Volt Typhoon [1] [2] [3] [4] [5], a state-sponsored Chinese threat actor known as PRC State-Sponsored Cyber Activity, has been targeting US critical infrastructure leaders [4] [5]. This poses a significant threat to national security.


Some victims may not be aware that they have been impacted by this cyber activity [2], according to Mandiant CEO [2]. The group, backed by the Chinese government [1] [3], has been using sophisticated techniques to infiltrate systems for at least five years [3], concealing their presence and bypassing detection with the use of “living off the land” technology. Recent US offensives have slowed their operations [3], but officials are still identifying victims targeted by the group [3], which is considered the top cyber adversary facing the United States [3]. The hackers have breached American facilities in Guam and other vital infrastructure both inside and outside the country [3], as well as internet routers in southern Texas and other locations [3]. Attacks on critical industries have the potential to cause widescale damage and disruption [4], making it crucial for organizations to strengthen security measures [4]. Risk assessments are essential for identifying and quantifying unique risks to organizations [4], allowing for the development of tailored security plans [4]. Critical infrastructure security has improved over the years [4], with organizations now better equipped to defend against advanced threats [4]. Security measures such as network segmentation [4], intrusion detection systems [4], and identity security play a key role in protecting critical infrastructure [4]. Malware activity targeting critical infrastructure is custom and challenging [4], requiring a multi-faceted approach to detection and prevention [4]. Security operations center teams have focused on threat detection to lower malware dwell time and improve overall security [4]. The Five Eyes intelligence partners have issued a warning about the threat from China [5], while Russia-affiliated threat actors are also targeting critical infrastructure [5], focusing on underwater cables and industrial control systems [5]. FBI Director Wray highlighted the importance of FISA Section 702 in combating cyber threats [5], allowing for surveillance of foreign intelligence adversaries using electronic communications [5]. Despite its effectiveness in alerting victims and discovering compromised network infrastructure [5], there is ongoing debate over the surveillance authority and its implications for privacy [5].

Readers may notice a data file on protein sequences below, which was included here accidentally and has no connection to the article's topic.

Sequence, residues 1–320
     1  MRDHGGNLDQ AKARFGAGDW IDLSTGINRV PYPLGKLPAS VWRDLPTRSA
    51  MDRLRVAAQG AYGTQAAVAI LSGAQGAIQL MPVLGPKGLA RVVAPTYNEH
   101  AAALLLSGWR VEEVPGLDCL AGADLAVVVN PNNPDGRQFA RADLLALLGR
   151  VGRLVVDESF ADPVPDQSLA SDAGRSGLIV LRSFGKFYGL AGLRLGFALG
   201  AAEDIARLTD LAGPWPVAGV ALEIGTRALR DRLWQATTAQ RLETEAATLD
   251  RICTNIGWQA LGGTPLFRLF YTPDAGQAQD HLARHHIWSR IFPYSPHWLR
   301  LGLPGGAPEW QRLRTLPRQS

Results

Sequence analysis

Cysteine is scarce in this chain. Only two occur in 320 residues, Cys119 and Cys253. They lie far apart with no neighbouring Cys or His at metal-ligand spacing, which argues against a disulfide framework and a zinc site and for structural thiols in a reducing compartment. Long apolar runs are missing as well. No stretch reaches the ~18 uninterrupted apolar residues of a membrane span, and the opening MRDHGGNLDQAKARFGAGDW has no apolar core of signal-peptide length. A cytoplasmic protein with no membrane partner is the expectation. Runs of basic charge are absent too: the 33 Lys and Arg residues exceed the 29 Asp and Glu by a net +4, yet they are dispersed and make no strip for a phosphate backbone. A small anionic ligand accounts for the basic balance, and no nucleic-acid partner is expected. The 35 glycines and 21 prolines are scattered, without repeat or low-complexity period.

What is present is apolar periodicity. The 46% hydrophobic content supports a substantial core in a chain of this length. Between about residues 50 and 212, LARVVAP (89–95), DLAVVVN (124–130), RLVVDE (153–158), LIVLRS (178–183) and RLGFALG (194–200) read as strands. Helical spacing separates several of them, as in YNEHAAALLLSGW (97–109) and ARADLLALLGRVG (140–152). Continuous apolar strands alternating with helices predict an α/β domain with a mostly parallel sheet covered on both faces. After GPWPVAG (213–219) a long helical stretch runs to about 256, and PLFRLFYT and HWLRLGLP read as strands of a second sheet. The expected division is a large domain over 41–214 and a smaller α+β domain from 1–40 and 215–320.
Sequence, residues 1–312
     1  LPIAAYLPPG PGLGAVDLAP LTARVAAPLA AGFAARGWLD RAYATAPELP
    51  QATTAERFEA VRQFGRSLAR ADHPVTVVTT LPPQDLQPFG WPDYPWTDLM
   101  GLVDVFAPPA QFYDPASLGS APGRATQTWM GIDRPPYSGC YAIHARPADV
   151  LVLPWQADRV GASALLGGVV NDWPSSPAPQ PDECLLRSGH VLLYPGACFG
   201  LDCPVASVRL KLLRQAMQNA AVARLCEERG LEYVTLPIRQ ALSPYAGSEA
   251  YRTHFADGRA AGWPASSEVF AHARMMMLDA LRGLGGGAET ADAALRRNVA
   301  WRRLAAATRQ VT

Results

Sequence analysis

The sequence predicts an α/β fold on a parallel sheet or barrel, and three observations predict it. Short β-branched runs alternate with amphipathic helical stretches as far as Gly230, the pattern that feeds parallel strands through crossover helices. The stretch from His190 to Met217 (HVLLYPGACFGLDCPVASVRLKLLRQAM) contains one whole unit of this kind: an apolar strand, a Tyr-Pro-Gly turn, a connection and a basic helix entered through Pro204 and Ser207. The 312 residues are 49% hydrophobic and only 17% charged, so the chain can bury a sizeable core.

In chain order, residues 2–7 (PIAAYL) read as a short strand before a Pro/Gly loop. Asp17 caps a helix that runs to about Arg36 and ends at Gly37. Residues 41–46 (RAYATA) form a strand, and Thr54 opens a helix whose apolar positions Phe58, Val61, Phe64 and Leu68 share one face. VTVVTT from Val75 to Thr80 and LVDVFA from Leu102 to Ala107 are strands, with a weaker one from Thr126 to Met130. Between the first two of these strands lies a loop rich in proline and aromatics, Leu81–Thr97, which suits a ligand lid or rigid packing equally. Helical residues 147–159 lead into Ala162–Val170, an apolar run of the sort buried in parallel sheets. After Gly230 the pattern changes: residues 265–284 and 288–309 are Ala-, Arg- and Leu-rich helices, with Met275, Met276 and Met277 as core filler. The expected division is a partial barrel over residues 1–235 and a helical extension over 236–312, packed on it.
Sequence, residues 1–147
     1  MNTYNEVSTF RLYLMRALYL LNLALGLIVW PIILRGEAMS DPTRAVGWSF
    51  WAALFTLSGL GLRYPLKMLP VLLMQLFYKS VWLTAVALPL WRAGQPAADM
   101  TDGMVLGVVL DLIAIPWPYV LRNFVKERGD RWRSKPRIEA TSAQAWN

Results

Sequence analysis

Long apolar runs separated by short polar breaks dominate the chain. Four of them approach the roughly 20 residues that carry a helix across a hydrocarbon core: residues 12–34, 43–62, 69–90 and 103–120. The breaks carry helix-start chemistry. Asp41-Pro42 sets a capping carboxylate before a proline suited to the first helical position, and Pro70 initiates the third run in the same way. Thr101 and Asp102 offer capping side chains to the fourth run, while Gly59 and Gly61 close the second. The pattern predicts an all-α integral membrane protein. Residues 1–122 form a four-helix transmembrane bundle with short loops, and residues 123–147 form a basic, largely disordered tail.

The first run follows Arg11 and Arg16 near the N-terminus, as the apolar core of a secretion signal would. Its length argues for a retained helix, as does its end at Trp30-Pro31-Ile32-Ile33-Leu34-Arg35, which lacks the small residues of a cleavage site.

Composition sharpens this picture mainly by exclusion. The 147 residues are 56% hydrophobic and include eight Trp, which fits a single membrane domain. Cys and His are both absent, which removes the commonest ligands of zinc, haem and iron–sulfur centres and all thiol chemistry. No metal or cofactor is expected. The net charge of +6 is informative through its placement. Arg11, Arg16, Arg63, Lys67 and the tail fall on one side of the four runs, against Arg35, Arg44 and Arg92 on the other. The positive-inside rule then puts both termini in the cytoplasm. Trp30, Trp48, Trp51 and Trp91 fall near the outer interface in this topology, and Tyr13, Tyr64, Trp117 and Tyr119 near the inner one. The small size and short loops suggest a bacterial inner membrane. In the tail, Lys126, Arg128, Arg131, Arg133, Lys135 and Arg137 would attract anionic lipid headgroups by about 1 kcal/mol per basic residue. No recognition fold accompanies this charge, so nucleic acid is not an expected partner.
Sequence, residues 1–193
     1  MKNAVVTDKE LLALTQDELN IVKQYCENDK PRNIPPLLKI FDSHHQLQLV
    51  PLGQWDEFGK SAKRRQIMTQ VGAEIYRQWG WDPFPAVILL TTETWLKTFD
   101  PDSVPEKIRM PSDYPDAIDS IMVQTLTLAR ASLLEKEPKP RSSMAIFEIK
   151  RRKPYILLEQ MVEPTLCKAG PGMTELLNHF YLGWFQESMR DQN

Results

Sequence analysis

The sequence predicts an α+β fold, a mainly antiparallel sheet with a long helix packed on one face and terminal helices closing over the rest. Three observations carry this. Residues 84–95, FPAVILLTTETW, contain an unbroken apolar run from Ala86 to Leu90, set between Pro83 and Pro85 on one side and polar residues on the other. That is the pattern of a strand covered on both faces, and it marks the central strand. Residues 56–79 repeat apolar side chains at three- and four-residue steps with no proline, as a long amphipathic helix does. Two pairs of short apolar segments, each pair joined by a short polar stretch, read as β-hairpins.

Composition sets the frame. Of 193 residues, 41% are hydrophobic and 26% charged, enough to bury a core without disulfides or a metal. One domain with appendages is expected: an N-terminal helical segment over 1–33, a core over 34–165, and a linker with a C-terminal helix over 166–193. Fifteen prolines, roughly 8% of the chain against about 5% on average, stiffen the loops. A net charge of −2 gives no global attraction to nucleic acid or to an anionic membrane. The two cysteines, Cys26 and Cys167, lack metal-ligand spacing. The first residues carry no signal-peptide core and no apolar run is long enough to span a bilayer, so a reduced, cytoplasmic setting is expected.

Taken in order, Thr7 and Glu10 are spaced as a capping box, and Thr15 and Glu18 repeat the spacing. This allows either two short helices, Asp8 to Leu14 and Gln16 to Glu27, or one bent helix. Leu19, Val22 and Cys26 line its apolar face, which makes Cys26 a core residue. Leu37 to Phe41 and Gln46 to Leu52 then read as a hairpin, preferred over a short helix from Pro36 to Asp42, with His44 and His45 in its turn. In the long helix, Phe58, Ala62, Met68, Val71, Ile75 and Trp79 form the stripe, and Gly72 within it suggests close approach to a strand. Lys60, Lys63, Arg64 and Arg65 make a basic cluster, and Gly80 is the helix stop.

The ongoing threat from Volt Typhoon and other state-sponsored cyber actors highlights the importance of robust security measures for critical infrastructure. Organizations must continue to strengthen their defenses and remain vigilant against advanced cyber threats. Collaboration between government agencies, intelligence partners [5], and private sector organizations is essential to combatting these threats effectively. The implications of surveillance authority and privacy concerns must be carefully considered in the ongoing efforts to protect national security.


[1] https://westobserver.com/the-chinese-cyber-threat-how-china-is-targeting-america-with-hacking/
[2] https://www.learnsecurity.org/single-post/cyber-risk-update-12-apr-2024
[3] https://www.nextgov.com/cybersecurity/2024/04/some-volt-typhoon-victims-wont-know-theyre-impacted-mandiant-ceo-says/395659/
[4] https://www.darkreading.com/vulnerabilities-threats/critical-infrastructure-security-observations-from-front-lines
[5] https://www.cybersecuritydive.com/news/wray-state-linked-threat-critical-infrastructure/712947/